Subject: I have found a DVD that I think you would enjoy
|Welcome to Macintosh|
Actors: Wayne Bibbens, Vince Briel, Charles DeVore, Richard Halsey, Andy Hertzfeld
Directors: Rober Baca, Joshua Rizzo
WELCOME TO MACINTOSH is the first documentary of its kind to mix history, criticism and an unapologetic revelry of all things Apple into a movie experience. The film explores the early years of Apple, the many challenges A... more »
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A shameless Infomercial. Only with class, wit and dignity.
Sniff Code | Somewhere out there | 09/08/2009
(4 out of 5 stars)
"Here is a documentary that is so polished and pristine that if not for the footage in the closing credits, you'd swear that this was something that came right out of Apple's PR camp. The aesthetics of the film successfully mirror Apple's aesthetics and could almost pass as a commercial. And the movie is so damn upbeat that even when Apple is being criticized by former employees it seems to strengthen the companies image, not dampen it.
Okay, so I'll just come out and say it. It's a good documentary. A great one, actually.
The director rewinds the clock to the very beginning and shows just how much of an uphill climb innovation really is. There is no voice over narration. The documentary is pushed forward by interviews by former engineers, co-founders, marketers, collectors and pundits of the Apple legacy. Every last single person interviewed is refreshingly candid. Especially a former product engineer who says just how haphazard things were thrown together during his day at the company. The hysterical cynicism of this fellow is reason enough to watch this relatively brief documentary.
Despite the true confessions on such Apple products as QuickTime and the identity crisis of the company, especially in their signature start-up tune; the movie is, unequivocally, a mac altar. It is an open invitation for PC users to repent and for mac enthusiasts to revel in their faith or simply to renew it. You'll hear the phrase "change the world" mentioned at least a dozen times. Maybe more.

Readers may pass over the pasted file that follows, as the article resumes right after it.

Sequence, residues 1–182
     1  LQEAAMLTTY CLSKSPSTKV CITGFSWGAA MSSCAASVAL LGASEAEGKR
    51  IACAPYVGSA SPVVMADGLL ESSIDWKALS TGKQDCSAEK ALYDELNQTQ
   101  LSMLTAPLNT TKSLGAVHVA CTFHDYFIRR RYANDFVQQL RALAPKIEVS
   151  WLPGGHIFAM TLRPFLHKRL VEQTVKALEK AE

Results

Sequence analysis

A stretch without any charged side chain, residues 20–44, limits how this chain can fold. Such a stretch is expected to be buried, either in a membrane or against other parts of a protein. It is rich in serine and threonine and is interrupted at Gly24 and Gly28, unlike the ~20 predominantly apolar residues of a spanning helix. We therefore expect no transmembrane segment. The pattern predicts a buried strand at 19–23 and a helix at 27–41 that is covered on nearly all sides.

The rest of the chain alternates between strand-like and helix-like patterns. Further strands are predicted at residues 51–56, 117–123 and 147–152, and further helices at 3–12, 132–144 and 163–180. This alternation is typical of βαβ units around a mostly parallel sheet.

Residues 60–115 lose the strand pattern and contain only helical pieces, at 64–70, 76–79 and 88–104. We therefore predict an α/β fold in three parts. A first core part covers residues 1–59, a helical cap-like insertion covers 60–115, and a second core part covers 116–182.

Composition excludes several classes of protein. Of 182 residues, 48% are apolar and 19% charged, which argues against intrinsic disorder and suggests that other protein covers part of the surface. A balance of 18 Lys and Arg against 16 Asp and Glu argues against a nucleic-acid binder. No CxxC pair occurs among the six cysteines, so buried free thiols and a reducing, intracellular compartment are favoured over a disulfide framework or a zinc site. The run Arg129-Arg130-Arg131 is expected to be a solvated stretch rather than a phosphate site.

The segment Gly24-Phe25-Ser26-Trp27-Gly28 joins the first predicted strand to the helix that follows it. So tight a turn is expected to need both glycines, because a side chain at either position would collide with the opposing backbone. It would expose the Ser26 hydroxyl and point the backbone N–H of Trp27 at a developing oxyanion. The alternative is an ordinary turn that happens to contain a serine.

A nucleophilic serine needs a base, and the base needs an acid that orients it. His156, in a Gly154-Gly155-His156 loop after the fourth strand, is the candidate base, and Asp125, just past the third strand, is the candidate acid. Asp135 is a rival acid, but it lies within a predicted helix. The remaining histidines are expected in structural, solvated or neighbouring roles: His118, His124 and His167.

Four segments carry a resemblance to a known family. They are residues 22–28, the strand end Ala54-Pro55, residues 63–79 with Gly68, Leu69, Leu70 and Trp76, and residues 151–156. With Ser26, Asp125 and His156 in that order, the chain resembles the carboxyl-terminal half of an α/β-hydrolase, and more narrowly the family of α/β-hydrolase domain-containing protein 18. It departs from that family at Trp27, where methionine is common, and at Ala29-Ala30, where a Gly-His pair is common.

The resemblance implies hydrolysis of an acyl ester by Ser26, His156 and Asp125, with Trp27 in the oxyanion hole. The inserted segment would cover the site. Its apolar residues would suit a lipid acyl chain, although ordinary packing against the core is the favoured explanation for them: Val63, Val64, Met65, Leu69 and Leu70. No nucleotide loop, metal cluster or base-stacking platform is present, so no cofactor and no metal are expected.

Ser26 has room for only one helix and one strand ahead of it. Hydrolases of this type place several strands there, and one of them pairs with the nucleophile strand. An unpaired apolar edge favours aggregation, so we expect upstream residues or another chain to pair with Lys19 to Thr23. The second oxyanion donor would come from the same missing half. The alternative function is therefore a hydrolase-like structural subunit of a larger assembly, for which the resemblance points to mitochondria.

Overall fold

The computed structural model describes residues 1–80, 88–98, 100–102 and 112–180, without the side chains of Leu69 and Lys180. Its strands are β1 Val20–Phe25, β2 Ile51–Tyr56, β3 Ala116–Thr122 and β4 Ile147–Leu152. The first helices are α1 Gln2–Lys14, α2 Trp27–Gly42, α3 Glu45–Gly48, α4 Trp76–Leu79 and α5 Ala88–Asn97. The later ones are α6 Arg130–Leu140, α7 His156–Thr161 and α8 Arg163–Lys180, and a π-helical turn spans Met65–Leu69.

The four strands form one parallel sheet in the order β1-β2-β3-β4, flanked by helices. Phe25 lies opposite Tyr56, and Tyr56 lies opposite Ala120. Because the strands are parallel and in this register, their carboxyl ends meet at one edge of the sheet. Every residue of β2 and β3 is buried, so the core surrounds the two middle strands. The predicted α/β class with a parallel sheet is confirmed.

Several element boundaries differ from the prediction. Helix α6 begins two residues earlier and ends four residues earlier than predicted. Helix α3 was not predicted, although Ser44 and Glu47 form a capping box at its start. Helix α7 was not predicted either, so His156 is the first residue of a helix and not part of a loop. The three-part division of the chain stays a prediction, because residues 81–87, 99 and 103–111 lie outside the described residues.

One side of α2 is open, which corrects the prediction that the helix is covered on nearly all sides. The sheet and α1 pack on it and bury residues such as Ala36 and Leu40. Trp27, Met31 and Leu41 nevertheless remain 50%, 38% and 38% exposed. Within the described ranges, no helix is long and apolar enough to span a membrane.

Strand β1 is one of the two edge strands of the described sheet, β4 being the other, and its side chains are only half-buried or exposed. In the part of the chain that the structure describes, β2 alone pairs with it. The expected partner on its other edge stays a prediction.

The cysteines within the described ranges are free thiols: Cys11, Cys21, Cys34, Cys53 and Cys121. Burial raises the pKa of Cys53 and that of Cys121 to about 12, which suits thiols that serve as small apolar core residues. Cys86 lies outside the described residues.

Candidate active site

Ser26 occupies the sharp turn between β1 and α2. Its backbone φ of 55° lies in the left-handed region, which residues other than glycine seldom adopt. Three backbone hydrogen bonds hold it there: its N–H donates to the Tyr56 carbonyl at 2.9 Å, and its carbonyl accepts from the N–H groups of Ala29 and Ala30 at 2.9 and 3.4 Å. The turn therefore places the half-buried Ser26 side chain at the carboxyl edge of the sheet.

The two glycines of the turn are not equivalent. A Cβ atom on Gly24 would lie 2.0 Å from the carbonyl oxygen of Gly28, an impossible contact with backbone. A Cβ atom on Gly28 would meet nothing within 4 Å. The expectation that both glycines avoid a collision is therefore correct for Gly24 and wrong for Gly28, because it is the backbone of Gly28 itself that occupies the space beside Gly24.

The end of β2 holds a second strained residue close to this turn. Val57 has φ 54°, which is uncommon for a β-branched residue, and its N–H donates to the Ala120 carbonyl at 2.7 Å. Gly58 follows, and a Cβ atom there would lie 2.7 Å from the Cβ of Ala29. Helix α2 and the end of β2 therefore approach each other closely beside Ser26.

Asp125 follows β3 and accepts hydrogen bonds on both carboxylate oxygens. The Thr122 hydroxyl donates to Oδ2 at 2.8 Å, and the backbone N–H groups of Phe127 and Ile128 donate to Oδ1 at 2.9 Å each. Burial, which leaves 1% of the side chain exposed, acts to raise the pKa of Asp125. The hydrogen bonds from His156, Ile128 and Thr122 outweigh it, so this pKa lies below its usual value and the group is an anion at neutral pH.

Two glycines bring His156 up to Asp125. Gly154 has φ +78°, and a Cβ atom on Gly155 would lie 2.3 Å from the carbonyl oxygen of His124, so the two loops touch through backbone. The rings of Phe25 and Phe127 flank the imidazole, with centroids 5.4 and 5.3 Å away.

The documentary, of course, saves the best for last (or the worst, depending on how you feel about the man). That would be Steve Jobs. Much to my surprise, the documentary seems to side-step most of the brutal rumors about Jobs' brutal personality. Maybe because enough grist has been fed to this rumor mill, or maybe because the creators were hoping to get Jobs to make a cameo in the documentary -- which he doesn't. Never the less, throughout and up to the very end, the documentary comes to the final conclusion that Apple is Steve Jobs.
Okay...so now my two cents about the whole mac thing. And, yes, I'm aware that I'm about to sound like a cranky old grandfather. But the fact is I was using macs before most mac users were born. Okay, maybe not that long. But I must say, it has definitely been, how shall I put it...."interesting", to watch the herd finally start grazing on this side of the fence. These days I'm ambivalent about the mac and the PC that I use. When I watched this documentary, I did so, not to put in my tithes at the mac altar, but just to see what I've missed in the past five years after taking my ear off the ground. The answer: not much. You don't need to have your ear to ground to know about the ipod and iphone craze. This documentary is less interested in the profundity of the mac, and more interested in its enduring novelty. Consequently, it feels like a dignified infomercial, which would make it the only infomercial that I watched in its entirety."